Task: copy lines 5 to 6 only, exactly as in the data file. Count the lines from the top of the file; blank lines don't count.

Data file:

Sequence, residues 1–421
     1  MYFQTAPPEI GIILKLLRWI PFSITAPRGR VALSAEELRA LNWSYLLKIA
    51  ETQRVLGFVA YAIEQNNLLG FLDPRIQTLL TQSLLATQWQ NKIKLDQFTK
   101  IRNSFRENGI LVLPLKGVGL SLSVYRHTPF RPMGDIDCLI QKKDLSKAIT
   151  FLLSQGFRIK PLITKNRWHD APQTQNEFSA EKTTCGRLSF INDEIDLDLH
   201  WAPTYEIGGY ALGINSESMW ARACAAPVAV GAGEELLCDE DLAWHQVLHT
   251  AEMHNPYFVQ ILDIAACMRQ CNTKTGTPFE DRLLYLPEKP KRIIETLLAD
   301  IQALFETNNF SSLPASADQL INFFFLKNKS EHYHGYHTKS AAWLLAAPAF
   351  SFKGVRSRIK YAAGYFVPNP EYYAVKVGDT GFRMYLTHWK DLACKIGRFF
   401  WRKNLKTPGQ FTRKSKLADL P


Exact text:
   151  FLLSQGFRIK PLITKNRWHD APQTQNEFSA EKTTCGRLSF INDEIDLDLH
   201  WAPTYEIGGY ALGINSESMW ARACAAPVAV GAGEELLCDE DLAWHQVLHT